‘Building Accessible Websites’

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Building Accessible Websites > Launch party recap

Updated 2002.12.08

Thanks to the generosity of David Michaelides at Swipe Books, on Tuesday, December 3, we enjoyed a launch party for Building Accessible Websites.

Paul French of Pearson Technology Group Canada airlifted a pile of books in for the launch and was a pleasant and gregarious presence. A vast kilotonnage of food – much of it custom-made for the vegan guest of honour (above and beyond the call of duty) – was accompanied by Inniskillin wine.

Guests were already in attendance when I arrived before the 6:00 start. Over the course of the evening (and this is where I get to play gossip columnist, with boldfacing and everything – and, HTML purists, take note, in gossip columns bold is semantic markup!), we enjoyed the company of Bill McQueen and Don Peuramaki of Fireweed Media Productions, with whom I chatted about heart–double-lung transplants and captioning; Geoff Sinclair and Jason Thompson of the CNIB, who came to learn firsthand just how colourful I am; and Russell McGorman and Errol Saldanha and their respective wife and fiancée, keepin’ it real for the graphic-design contingent.

Old friends appeared in droves – Luke Tymowski, Emma Jane Hogbin, William O’Higgins – plus a luminary of the Toronto independent content scene, Craig Saila, who, as it turns out, works for the Man. Shamir Furtado represented for Imex Systems, which kindly sent flowers to the event. (This is the closest I’m ever gonna come to a wedding, so perhaps I should have tossed them to the crowd. Catch ’em and you get a book contract!)

Naturally, book designer Marc Sullivan was present, but shock was registered when his three Aryan children and delightful wife later appeared and spent quite a while working the room.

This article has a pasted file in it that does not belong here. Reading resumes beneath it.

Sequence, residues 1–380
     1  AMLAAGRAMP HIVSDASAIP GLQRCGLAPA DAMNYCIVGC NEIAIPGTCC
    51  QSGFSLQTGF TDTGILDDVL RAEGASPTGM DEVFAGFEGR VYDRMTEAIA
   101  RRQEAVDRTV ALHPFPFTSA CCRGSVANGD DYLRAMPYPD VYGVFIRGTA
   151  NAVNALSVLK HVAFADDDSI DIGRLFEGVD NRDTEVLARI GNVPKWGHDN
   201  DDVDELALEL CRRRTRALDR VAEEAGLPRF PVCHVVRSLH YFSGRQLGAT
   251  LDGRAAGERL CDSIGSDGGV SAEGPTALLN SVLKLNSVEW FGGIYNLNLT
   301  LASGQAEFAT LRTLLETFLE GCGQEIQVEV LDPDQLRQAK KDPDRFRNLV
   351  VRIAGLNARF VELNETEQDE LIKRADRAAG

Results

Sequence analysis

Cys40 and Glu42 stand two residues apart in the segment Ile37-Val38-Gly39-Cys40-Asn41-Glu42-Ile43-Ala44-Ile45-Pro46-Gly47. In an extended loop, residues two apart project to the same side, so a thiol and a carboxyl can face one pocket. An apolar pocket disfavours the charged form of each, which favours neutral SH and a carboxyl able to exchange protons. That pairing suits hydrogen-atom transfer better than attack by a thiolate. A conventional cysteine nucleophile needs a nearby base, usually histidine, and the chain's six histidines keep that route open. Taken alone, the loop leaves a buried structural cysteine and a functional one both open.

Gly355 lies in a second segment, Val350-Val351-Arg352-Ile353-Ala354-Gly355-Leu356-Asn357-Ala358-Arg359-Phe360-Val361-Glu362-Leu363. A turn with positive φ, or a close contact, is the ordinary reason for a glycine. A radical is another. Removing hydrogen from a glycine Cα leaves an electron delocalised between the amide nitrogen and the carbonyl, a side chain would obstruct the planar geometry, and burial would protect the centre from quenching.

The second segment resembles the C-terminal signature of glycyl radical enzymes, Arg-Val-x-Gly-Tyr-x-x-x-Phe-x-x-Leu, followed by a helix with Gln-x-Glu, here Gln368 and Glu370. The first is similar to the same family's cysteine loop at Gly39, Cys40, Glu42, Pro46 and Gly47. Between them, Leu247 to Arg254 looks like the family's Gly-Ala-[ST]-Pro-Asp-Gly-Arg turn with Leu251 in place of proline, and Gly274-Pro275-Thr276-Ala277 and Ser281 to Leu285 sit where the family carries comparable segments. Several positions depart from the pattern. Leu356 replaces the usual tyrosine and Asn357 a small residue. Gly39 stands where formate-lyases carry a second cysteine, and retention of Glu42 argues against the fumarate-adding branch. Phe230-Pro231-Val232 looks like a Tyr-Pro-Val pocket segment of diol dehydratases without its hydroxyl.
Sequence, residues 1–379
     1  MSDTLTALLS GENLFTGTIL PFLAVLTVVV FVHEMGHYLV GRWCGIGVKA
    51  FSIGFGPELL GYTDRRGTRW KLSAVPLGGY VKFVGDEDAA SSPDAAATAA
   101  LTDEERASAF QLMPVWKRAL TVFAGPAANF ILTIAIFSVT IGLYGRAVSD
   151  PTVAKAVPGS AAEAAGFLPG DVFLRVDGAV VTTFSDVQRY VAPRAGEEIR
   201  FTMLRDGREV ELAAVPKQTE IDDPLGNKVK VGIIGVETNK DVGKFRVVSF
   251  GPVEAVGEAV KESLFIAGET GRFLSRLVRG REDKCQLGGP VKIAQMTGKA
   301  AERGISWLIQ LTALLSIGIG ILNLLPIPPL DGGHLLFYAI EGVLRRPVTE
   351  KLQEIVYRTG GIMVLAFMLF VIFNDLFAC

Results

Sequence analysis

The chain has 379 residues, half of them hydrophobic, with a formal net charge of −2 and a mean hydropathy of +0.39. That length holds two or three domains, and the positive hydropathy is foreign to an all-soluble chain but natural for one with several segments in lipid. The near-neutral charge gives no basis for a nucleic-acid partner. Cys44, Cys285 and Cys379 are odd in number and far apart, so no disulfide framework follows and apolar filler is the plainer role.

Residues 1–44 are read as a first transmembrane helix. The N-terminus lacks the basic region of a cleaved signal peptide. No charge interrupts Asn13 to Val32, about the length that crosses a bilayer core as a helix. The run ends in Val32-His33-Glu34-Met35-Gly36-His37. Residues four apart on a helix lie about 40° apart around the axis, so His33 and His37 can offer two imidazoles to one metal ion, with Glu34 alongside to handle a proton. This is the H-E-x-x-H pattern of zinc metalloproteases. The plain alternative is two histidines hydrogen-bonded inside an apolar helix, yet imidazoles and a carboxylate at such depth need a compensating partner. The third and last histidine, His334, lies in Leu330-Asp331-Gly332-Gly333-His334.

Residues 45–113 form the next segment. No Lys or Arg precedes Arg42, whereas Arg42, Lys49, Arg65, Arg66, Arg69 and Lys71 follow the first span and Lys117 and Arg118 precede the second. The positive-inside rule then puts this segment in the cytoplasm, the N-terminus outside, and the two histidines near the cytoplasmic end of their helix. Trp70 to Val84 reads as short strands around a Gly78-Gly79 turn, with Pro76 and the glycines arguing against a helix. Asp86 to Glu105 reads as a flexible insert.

DAISY announcement

At a certain moment, I delivered remarks to the adoring crowd, pointing out that this year’s theme for December 3, the International Day of Disabled Persons, is Independent Living and Sustainable Livelihoods, a theme compatible with accessible Web development. I was also able to make the official announcement that Building Accessible Websites will become one of the first DAISY electronic talking books to be produced with full XHTML files provided by the author.

DAISY is a new file format for electronic talking books. You can still have a human voice reading the book as from time immemorial, but the book carries electronic structural components, like bookmarks, that make reading a book a more convenient experience. You can hotlink between underlying text (here’s where my XHTML files come in) and the voice reading, and a DAISY device can output text to a Braille display in addition to or instead of a voice reading. DAISY brings talking books into at least the 20th century if not the 21st.

The prepared statement attributed to Geoff Sinclair reads as follows:

The CNIB Library for the Blind is pleased to be able to produce Joe Clark’s Building Accessible Websites using source files from the publisher for the benefit of our clients,” says Geoff Sinclair, manager of collections and access. “Without these files, the Library must scan books first in order to produce alternative formats. More often than not, this is time-consuming and less accurate than working with an original publisher’s file. Because Joe ‘practices what he preaches,’ these source files have been structured very well, and this will immensely speed the production time of this book.”’

Evening’s end

I then capped off the evening by reading from the particularly disparaging Amazon.com customer review posted by our dear friend in the United Kingdom, pointing out that all the things he complained about are actually the best parts of the book. After a few chuckles and a round of applause, I mingled and inscribed books for my adoring public.

In another of life’s little ironies, nobody brought a camera and there is no photographic documentation of this important milestone. Well, it happened.

If anyone ever hears me even hint that I don’t have any supporters, please feel free to get upside my head with a reminder of the attendees at a party thrown in my honour. December 3 was the first day of the rest of my life.